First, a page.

- The Design Requirements
- The Canonical Multi-Stage Decimation Pipeline
- Pass Band Ripple, Stop Band Attenuation and Multi-Stage Decimation
- CIC Filter Configuration and Pass Band Ripple
- CIC Filter Configuration and Anti-Aliasing Performance
- Final CIC Filter Configuration
- Design of the Half-Band and Generic FIR Filters
- Coming Up
In the past 5 episodes of this series, I discussed sigma-delta converters, how to read the datasheet of a microphone, different types of filters, and how to come up with the right coefficients of these filters.
The Design Requirements
Let’s quickly repeat the overall design requirements that I came up with in a previous blog post:
- PDM input sample rate: 2.304MHz
PCM output sample rate: 48kHz
In other words, a decimation ratio of 48.
- Pass band: 0 to 6kHz
- Stop band: 10kHz
- Pass band ripple: 0.1dB
- Stop band attenuation: 89dB
The Canonical Multi-Stage Decimation Pipeline
There is an overwhelming amount of literature out there about the pipeline to decimate an incoming signal at very high sample rate down to something much lower. And while there are an almost infinite amount of subtle variations, the fundamentals can almost always be reduced to the following basic building blocks:
- a CIC filter at the front
- one or more half-band filters in the middle
- a generic FIR filter in the back
The reason for this arrangement is obvious when you consider typical design constraints such as clock speeds and resource usage.
- A CIC filter only requires adders and delay stages, but no multipliers. This makes them extremely area efficient.
- The lack of multipliers also makes it easier to run CIC filters at high clock speeds.
- A half-band filter requires only around 50% of the multiplications of an equivalent generic FIR filter. This reduction is at all times large enough to overcome the inefficiency of splitting a larger generic FIR filter into a cascaded half-band filter and a FIR filter that has half the order of the original one.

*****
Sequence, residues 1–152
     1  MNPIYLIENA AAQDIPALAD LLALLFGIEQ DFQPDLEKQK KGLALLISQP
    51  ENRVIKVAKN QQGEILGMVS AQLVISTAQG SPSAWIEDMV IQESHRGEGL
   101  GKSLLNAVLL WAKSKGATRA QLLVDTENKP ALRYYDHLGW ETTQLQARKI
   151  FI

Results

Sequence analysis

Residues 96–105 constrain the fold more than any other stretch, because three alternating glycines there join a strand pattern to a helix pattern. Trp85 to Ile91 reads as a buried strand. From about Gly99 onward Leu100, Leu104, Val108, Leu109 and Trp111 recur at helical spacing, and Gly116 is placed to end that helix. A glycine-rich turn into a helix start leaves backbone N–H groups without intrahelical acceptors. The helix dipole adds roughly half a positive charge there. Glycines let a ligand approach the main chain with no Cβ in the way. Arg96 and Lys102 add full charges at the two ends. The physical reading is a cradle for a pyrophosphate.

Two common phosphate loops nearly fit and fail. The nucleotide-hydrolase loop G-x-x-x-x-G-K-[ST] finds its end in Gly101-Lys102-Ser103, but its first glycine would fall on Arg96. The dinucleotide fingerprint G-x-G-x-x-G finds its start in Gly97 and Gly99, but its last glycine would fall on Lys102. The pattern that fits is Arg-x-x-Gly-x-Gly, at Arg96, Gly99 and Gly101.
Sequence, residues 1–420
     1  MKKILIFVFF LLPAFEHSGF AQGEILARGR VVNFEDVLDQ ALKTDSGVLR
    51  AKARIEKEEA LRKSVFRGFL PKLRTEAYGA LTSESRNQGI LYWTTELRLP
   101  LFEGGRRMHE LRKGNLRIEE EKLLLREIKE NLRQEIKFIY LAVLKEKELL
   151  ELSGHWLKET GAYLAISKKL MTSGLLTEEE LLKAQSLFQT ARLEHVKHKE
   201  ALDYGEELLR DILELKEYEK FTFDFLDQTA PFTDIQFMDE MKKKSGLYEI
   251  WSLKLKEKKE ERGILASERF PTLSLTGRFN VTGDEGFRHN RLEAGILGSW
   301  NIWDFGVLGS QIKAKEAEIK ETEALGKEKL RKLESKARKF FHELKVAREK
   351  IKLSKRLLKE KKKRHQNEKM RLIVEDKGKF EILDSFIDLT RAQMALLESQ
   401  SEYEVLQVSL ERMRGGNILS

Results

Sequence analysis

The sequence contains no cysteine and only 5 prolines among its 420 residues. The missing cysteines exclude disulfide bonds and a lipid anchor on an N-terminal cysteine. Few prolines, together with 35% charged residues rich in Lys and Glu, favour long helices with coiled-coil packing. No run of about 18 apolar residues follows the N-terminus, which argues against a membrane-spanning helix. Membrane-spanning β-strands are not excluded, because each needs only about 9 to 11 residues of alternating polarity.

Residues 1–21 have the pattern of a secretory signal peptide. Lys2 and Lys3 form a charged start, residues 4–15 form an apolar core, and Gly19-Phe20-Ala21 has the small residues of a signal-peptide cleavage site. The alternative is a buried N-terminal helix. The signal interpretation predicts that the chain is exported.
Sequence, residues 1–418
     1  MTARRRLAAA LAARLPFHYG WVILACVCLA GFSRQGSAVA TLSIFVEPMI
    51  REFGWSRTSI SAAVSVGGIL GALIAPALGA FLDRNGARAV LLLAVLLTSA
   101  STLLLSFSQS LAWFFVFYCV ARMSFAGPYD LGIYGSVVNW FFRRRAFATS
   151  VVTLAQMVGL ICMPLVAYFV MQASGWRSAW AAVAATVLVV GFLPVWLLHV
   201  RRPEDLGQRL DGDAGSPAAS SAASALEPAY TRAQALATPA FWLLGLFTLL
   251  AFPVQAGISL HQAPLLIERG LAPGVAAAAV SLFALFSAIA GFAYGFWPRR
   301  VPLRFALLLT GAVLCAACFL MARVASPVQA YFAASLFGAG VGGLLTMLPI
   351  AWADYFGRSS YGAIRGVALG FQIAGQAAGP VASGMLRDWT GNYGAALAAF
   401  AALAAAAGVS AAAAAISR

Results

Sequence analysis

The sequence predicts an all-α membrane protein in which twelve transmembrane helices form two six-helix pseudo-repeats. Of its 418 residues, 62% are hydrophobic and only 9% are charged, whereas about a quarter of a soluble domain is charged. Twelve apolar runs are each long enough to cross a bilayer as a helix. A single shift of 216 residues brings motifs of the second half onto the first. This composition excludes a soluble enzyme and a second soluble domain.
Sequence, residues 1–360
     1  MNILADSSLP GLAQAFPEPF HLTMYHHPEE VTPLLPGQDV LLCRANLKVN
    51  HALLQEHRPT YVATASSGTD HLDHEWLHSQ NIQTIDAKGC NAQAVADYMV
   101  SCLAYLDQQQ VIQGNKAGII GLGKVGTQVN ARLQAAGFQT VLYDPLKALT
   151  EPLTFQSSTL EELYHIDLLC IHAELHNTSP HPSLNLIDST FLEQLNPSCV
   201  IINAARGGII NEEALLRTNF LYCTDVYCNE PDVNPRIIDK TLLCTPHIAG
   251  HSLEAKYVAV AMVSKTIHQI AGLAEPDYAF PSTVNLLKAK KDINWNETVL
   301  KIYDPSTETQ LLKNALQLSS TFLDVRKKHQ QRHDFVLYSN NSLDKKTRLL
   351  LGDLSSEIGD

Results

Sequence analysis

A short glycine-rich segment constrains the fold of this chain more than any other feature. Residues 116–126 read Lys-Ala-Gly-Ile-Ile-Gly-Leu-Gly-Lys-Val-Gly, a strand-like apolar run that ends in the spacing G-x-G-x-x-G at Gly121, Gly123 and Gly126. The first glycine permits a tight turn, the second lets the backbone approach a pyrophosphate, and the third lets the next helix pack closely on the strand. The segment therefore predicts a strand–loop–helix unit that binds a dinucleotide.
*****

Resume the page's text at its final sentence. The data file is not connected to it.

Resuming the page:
With the core pipeline in place, the next step is figuring out the exact filter parameters for each stage.
Pass Band Ripple, Stop Band Attenuation and Multi-Stage Decimation
The requirements call for an overall pass band ripple of 0.1dB and a stop band attenuation of 89dB.
When there’s only 1 filter, meeting that goal is a matter of specifying these numbers as the filter design parameter.
But what when multiple filters are cascaded?
Pass Band Ripple
In their 1975 paper “Optimum FIR Digital Filter Implementations for Decimation, Interpolation, and Narrow-Band Filtering”, Crochiere and Rabiner write the following:
As it is desired that the overall pass band ripple for the composite of K stages be maintained within 1±δ, it is necesary to require more severe frequency constraints on the individual filters in the cascade. A convenient choice which will satisfy this requirement is to specify the pass band ripple constraints for each stage i to be within 1±δ/K.
In other words: if you split the filter into 3 stages, they suggest to split the joint passband ripple of 0.1dB into 3 smaller pass band ripples.
Unfortunately, this advise doesn’t work very well for our case: the referenced paper assumes that all stages are using similar filter types, with the ability to indepdently choose the boundaries for pass band and stop band ripple for each filter stage.
This is not the case for us: a CIC filter has very little flexibility wrt pass and stop band attenuation, and half-band filters have only 1 parameter, the filter order, to control the ripple of both pass band and stop band.
What we can take away, however, is the knowledge that we need to divide the overall pass band into smaller values and uses those as design parameter for the individual stages.
Stop Band Attenuation
The same paper has the following to say about the stop band:
In the stop band the ripple constraint for the composite filter must be δ and this constraint must be imposed on each of the individual low-pass filter as well, in order to suppress the effects of aliasing.
This is much easier: I calculated a stop band attenuation of 89dB. We can just to use that attenuation for each filter stage.